2. The total number of COVID-19 infections in (a) Old Age Homes and (b) Frail Care Facilities are as follows:

PROVINCE

NAME OF RESIDENTIAL FACILITY

AREA

NUMBER OF CURRENT INFECTIONS

     

Residents

Staff

Kwa Zulu-Natal

Bill Buchanan Old Age Home

No 1 Goodwin Drive, Morningside

EThekwini North District Municipality

3

19 tested negative

Eastern Cape

Gelvan Park Frail Aged Home

Gelvan Park

Elizabeth

Nelson Mandela Metro District

1

1

Eastern Cape

ACVV Huis Genot

Algoa Park

Port Elizabeth

Nelson Mandela Metro District

1

4

Eastern Cape

Lorraine Frail Care – Life Esidemeni facility

Lorraine Suburb

Port Elizabeth

Nelson Mandela Metro District

7 Older Persons

10 Staff Members

Mpumalanga

Mayibuyimpilo Residential Facility

Kwa-Mhlanga

1

 

Western Cape

House of Nazareth

1 Derry Street, Vredehoek 8001

Cape Town

1

5

Western Cape

Sencit Resthaven,

Boradlands Road, Strand

16

1

Western Cape

ACVV Huis Marie Louw

Metro East

18 Fagan Street, Somerset West

1

2

Western Cape

CPOA Lilyhaven

Privet Road, Bonteheuwel

2

1

Western Cape

CPOA Erica Place

Overton Road, Silvertown, Athlone

1

 

Western Cape

CPOA Oakhaven

Metro South

Zuurberg Road, Heideveld

1

2

Western Cape

CPOA Lotus River

Metro South

5 Buck Road, Lotus River

9

 

Western Cape

CPOA Anchusa

Howard Drive, Meadowridge

1

 

Western Cape

CPOA Fairmead

College Road, Rondebosch

4

 

Western Cape

CPOA Seapoint Place

183 Beach Road, Three Anchor Bay

10

2

Western Cape

CPOA The Manor

183 Beach Road, Three Anchor Bay

2

1

Western Cape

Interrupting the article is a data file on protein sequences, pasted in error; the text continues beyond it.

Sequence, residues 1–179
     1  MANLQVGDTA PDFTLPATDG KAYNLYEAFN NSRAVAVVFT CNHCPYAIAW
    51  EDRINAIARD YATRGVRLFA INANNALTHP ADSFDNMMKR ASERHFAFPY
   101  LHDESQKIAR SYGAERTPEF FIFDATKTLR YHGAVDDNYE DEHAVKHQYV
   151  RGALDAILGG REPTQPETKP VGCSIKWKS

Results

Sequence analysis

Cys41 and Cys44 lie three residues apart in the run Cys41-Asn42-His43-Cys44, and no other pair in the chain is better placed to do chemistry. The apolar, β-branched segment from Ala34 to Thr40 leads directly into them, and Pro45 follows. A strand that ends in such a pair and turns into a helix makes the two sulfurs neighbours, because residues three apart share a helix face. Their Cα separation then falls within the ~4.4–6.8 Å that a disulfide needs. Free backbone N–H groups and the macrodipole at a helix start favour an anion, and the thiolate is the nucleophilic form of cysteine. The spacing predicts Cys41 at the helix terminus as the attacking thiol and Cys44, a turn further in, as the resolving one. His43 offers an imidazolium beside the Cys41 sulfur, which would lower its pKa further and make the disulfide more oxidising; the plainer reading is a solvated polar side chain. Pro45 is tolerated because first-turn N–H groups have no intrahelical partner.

CPOA Trianon

Birmingham Road, Diep River

1

1

Western Cape

Highlands House

MetroNorth

234 Upper Buitenkant Street, Cape Town

12

26

Western Cape

Brown & Annie Lawrence Home

Private Facility

Metro North

7 Broad Walk, Pinelands

 

1

Western Cape

Bay CPOA Kronendal Village & Annex

Private facility

Metro South

Victoria Road, Hout Bay

6

13

Western Cape

The Villa (Alzheimer’s & Dementia)

Private facility

Metro North 1 Derry Street, Vredehoek

2

13

Western Cape

Ladies' Christian Home

20 Vrede Street, Garden, Cape Town

5

6

Western Cape

Ons Tuiste ACVV Dienstak

Dreyer Street, Kemperville,

 

1

Western Cape

Rusthof Tehuis

24 Bauhunia Street, Klein Nederburg, Paarl

9

1

Western Cape

Zonnebloem ACVV-dienstak

61 Caledon Street, Cape Town

 

1

Western Cape

CPOA SAWAS HOUSE - Independent Living Facility (Private)

Pinelands

 

2

Western Cape

CPOA Sea Point Place & Annex

Private facility

183 Beach Road, Three Anchor Bay

6

 

Western Cape

Libertas Retirement Centre

Private facility

Libertas Retirement Centre

 

1

Western Cape

Magnolia Tehuis

Private Facility

4 Baxter Street, Bellville

1

1

Western Cape

Oasis Care Centre

Private Facility

Century Way, Century City, Milnerton

7

27

Western Cape

Othello Frail Care Centre

Private Facility

Amelia Street 18, Protea Heights

8

 

Western Cape

Panorama Palms Retirement Village

Private Facility